I see Richard Murphy is saying that Margaret Hodge should summon Vodafone to the Public Accounts Committee over their sale of their interest in Verizon Wireless. This is despite the fact that:
- the transaction didn’t occur in the UK, and
- it would be covered by the Substantial Shareholding Exemption if it had occurred in the UK
Now, for me either of those is a valid reason. I can see how some people might take issue with the first point, but it is irrelevant given the second point. There would be no tax lost in the UK given the second point alone.
So, a quick search on Richard’s website found me what I was looking for: his comments regarding Guardian Media Group’s use of the SSE:
No complicated planning was needed to produce the low tax charge on the sale of this interest: the government has since 2002 provided that Substantial Shareholdings Relief is due when an asset of this sort is sold and no tax is due. The Guardian was, therefore, being tax compliant: the company is doing what the government wants, and for which it provides a relief. It would appropriate to criticise the government for introducing a tax relief of this sort: the Guardian cannot be criticised for using it when the law required that it be applied.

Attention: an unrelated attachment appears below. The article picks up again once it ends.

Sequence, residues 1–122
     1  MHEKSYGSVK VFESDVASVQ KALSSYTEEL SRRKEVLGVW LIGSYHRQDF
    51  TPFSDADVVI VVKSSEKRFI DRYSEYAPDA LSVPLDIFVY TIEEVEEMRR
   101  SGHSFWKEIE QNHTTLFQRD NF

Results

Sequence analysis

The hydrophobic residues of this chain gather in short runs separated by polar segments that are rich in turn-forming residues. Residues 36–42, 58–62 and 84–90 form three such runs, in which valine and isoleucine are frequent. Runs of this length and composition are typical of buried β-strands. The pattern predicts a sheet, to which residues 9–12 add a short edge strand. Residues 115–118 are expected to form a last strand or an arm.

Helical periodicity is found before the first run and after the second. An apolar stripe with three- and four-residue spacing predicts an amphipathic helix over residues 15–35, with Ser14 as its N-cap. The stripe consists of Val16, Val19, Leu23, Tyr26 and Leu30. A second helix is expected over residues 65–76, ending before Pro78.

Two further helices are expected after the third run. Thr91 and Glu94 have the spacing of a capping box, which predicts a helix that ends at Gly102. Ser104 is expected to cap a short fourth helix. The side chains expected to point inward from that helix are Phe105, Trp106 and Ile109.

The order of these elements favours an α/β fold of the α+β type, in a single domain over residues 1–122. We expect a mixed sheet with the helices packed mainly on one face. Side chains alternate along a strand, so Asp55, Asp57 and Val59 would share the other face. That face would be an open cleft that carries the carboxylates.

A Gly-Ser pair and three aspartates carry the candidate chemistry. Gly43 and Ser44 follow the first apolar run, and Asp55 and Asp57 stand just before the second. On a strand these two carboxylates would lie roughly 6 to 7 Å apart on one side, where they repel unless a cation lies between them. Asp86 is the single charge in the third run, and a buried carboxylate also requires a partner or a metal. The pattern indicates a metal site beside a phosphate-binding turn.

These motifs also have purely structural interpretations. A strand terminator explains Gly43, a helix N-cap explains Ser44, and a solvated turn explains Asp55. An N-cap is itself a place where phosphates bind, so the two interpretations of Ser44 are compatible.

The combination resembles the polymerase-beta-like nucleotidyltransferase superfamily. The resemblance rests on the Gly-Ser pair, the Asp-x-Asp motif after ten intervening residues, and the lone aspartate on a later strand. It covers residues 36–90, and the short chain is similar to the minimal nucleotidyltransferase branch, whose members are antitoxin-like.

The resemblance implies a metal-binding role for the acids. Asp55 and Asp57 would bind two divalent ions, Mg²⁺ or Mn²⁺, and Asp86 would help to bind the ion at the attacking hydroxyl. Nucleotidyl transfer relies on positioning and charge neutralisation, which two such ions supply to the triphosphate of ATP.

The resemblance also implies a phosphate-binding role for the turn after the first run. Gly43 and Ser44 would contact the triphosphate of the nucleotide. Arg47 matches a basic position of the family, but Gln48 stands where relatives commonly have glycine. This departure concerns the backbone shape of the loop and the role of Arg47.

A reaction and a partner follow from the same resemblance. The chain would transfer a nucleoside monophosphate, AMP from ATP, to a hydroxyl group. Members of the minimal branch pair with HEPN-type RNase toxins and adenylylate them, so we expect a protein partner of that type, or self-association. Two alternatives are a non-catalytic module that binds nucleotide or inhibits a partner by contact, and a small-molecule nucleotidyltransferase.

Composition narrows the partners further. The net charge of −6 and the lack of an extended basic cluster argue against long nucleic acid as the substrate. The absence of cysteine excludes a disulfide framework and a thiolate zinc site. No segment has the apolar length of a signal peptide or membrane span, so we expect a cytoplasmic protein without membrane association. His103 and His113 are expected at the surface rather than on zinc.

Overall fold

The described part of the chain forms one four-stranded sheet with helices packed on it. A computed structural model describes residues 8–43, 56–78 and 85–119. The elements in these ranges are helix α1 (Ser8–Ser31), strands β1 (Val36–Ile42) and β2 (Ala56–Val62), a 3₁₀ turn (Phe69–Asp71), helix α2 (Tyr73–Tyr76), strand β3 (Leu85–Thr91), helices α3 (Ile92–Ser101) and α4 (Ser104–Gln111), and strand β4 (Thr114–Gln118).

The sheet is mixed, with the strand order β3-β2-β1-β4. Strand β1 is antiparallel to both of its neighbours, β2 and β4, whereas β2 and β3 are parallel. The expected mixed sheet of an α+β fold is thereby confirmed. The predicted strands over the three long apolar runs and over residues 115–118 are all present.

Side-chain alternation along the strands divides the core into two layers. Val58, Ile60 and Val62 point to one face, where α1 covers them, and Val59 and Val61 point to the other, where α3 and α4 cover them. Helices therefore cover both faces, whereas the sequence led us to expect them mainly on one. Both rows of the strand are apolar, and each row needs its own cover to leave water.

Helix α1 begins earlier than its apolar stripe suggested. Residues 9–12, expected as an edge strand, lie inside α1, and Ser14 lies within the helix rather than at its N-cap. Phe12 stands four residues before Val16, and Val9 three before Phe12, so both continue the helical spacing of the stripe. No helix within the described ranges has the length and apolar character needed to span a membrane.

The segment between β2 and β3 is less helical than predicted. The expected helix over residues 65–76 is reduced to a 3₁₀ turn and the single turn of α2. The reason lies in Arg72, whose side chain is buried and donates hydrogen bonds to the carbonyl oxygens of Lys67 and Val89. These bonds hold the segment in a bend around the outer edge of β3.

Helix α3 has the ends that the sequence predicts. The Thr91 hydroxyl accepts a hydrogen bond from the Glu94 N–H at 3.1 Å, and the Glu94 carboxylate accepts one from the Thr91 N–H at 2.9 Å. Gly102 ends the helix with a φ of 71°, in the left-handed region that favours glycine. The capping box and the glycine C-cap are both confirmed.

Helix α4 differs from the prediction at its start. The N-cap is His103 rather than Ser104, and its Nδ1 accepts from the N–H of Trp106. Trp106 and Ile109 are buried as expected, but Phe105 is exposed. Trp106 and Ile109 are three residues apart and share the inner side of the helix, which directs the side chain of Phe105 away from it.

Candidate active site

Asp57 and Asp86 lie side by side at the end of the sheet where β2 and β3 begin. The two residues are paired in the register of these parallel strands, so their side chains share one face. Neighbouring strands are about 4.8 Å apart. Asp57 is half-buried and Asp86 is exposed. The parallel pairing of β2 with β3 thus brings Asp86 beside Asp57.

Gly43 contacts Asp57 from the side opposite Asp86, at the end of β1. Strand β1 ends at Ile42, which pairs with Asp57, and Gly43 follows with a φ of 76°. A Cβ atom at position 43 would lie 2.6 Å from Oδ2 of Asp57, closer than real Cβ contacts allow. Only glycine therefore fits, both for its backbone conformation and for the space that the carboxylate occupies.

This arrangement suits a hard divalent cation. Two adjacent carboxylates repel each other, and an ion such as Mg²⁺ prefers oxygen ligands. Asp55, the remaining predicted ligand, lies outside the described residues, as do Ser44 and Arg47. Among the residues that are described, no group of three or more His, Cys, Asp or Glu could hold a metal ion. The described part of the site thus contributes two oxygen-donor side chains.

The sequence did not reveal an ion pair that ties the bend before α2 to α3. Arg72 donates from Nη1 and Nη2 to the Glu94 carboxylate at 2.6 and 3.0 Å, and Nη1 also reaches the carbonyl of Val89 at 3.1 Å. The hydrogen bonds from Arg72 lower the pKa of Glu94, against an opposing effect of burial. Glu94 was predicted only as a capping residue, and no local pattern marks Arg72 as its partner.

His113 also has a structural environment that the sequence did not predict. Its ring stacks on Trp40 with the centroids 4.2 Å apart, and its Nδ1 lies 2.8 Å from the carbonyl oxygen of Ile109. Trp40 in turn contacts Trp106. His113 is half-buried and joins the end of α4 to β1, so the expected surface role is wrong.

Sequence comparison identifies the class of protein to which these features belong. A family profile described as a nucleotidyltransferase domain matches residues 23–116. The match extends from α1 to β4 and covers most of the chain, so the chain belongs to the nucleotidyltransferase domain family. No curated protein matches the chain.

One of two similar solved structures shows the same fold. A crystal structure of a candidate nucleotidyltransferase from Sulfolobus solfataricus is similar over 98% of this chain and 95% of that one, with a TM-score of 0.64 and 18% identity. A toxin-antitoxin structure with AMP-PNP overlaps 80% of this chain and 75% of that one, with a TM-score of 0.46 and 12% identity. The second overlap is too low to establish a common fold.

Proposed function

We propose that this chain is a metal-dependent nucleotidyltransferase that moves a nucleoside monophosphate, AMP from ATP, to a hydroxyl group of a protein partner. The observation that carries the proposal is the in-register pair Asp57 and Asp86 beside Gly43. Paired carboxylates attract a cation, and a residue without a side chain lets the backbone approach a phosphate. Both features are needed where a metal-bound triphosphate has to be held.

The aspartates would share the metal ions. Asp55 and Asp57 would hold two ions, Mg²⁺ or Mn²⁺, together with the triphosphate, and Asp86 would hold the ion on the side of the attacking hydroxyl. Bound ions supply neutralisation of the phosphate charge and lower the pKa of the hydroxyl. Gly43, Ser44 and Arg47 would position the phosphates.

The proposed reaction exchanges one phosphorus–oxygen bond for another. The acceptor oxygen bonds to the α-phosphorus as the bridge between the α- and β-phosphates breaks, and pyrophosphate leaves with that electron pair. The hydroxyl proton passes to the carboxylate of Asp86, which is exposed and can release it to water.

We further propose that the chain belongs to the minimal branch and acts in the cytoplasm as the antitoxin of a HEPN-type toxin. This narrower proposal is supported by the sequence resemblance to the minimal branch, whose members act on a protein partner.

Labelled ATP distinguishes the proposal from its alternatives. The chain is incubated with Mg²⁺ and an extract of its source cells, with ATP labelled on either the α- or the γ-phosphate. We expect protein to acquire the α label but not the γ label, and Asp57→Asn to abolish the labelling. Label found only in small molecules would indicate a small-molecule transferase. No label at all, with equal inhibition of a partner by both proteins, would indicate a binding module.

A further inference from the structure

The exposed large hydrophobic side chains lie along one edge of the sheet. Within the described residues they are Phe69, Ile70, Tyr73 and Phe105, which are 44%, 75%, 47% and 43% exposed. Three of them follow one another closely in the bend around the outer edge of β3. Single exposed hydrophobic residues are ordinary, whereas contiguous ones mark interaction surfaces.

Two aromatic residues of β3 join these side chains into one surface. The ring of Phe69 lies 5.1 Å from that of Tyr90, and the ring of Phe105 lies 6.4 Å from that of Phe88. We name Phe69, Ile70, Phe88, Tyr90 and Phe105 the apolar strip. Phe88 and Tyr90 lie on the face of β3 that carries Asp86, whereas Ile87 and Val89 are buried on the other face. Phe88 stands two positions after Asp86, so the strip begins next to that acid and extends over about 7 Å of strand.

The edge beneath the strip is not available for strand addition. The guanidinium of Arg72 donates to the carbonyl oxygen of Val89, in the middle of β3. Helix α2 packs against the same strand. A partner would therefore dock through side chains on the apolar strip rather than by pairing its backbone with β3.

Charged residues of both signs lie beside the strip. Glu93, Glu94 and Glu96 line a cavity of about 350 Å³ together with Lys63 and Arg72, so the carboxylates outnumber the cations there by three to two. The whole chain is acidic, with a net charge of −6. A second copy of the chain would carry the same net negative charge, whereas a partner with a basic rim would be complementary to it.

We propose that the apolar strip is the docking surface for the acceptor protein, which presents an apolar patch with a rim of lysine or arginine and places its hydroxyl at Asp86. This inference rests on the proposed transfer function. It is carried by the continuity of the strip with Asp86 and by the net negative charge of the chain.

It’s worth noting that Richard is consistent about criticising the relief, but it is interesting to see how he has changed his thinking from that last sentence when the company in question is Vodafone rather than the Guardian.